The timing of Royal's earnings call meant allowed the company to speak further with media about what the new guidelines mean.
Fain emphasised that any restart would not see the entire fleet put into operation, but a phased and gradual one, drawing on the learnings from the ships currently operating in Singapore and Spain.
He also said there had been a "significant improvement" in the quality and extent of dialogue with the CDC over the past few weeks.
Also commenting on the CDC letter, Royal Caribbean International's President and CEO Michael Bayley said:
"What we saw last night was very encouraging. It wasn't just one or two things; it was multiple additions and clarifications to the CSO."
Fain also shared the fact the group has carried 120,000 passengers across its three brands in operation -- Royal Caribbean, Hapag-Lloyd and TUI -- with a total of 21 COVID-19 cases, or 0.01 percent.
At present, Royal plans to operate just 11 ships this summer, across the three brands, in Europe, Singapore and the Caribbean.
Royal, like other lines, has been forced to look outside of the US to base ships and has placed vessels in the U.K., Singapore, Israel and Cyprus this year.
Bayley clarified the pathway to the resumption -- one for ships with fully vaccinated passengers and crew and one without. A vaccinated ship would have no requirement for a test voyage, and "would be a quicker way for a resumption of service."
"A highly vaccinated cruise means that as soon as you have your port plan ready and lined up you can submit your request to cruise and the CDC will try their best to get you a response within five days," he said. "The target that has been stated and what we are all working towards is mid-July. And I think that after what we received last night is looking very realistic."
The corporation did not say specifically which route they would take -- the fully vaccinated one or the test sailings. But Bayley's comments seemed to lean toward the former.
"Of the 98 percent guideline, we know from surveys of our customers that over 80 percent of our customers are or will be when they cruise," he said. "Overwhelming certainly from our customer base that they will get vaccinated.
"In terms of crew we had over 98 percent positive response from our crew that they will get vaccinated."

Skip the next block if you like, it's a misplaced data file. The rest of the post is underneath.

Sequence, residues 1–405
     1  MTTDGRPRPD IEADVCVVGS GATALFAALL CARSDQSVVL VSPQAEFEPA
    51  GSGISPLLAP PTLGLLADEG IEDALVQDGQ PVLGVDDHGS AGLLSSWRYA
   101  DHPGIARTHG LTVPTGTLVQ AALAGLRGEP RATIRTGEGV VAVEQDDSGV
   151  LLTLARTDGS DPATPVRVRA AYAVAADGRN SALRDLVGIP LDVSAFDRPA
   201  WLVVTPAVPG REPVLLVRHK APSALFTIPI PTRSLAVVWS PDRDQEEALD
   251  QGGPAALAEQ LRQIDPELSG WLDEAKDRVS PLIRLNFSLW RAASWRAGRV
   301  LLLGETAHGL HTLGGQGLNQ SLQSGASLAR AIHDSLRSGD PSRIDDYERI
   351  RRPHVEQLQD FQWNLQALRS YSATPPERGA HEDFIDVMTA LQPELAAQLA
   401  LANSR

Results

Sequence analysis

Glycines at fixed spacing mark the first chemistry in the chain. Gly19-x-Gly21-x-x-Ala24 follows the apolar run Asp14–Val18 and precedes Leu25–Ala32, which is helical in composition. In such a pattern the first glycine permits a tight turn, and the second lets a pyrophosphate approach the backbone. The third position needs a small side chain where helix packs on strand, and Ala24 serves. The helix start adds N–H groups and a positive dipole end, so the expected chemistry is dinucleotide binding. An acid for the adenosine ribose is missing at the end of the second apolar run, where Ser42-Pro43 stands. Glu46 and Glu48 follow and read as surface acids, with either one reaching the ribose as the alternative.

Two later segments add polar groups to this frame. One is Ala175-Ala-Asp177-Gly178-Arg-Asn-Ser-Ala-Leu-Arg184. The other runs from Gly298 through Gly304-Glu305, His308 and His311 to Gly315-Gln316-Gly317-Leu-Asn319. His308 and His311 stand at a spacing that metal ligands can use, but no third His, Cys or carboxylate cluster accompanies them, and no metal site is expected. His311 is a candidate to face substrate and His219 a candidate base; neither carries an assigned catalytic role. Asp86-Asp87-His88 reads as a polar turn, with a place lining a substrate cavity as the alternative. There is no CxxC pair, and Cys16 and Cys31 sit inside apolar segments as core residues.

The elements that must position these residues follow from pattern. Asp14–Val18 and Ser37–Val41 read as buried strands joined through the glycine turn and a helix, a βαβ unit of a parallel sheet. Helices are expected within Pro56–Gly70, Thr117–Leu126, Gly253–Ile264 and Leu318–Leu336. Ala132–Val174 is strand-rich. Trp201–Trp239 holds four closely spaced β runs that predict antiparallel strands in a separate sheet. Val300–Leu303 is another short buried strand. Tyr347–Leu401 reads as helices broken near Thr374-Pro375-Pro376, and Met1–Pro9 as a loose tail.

Committing to a mostly vaccinated ship leaves out one large demographic -- kids. And Royal Caribbean is one of the biggest family-friendly lines out there. But Bayley seemed encouraged, particularly if vaccines become available for children ages 12 to 15.
"We obviously take a look at our kid count we think this is the next phase, and we know that vaccinations are eligible for 16 and over and we have been told that age limit is likely to drop to 12 and we are encouraged by that," he said. The percentage of passengers under the age of 11 is "quite a small number," he said.
"We are not overly concerned with that."
The resumption of cruising in Alaska is more difficult, and not simply solved by the CDC letter. For sailing to resume, a waiver to the Passenger Vessel Services Act would be required, as Canada is currently closed to all cruise ships until February 2022. Another option would be for Canada to allow technical stops.
"We are working on both," Fain said. "Given the momentum there is some hope but it's a complicated situation and I wouldn't put odds one way or the other.
"We are hopeful we can solve the issue with Canada in one of two ways."
Royal Caribbean's financial results reflect the dismal Q1 of uncertainty; the company lost $1.1bn in the first quarter of 2021 and is currently burning through $300m a month just to keep the fleet operating.
Bookings in March were 80 percent up on January and February, equalling the March 2019 numbers. January and February figures which were themselves up by 30 percent on November and December.
Bayley said the level of savings in the U.S. and "amazing pent up demand" will "unleash" a large number of bookings for 2022.
He also shared that bookings are strong for the second half of this year and also for the first half of 2022, with fares up too.
"While it is always disappointing to report these results, little by little the flywheel is turning and we are encouraged by the letter from the CDC."